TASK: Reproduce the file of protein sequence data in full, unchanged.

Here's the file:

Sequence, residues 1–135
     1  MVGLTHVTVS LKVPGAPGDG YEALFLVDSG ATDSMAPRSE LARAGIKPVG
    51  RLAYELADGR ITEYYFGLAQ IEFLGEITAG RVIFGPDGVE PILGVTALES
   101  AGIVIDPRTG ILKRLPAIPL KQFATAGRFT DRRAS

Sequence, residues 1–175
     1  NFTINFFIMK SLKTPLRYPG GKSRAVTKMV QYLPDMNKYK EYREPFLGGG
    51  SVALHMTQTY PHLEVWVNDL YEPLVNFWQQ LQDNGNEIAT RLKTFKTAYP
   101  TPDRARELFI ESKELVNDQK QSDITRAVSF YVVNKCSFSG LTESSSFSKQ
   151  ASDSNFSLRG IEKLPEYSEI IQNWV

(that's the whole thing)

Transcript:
Sequence, residues 1–135
     1  MVGLTHVTVS LKVPGAPGDG YEALFLVDSG ATDSMAPRSE LARAGIKPVG
    51  RLAYELADGR ITEYYFGLAQ IEFLGEITAG RVIFGPDGVE PILGVTALES
   101  AGIVIDPRTG ILKRLPAIPL KQFATAGRFT DRRAS

Sequence, residues 1–175
     1  NFTINFFIMK SLKTPLRYPG GKSRAVTKMV QYLPDMNKYK EYREPFLGGG
    51  SVALHMTQTY PHLEVWVNDL YEPLVNFWQQ LQDNGNEIAT RLKTFKTAYP
   101  TPDRARELFI ESKELVNDQK QSDITRAVSF YVVNKCSFSG LTESSSFSKQ
   151  ASDSNFSLRG IEKLPEYSEI IQNWV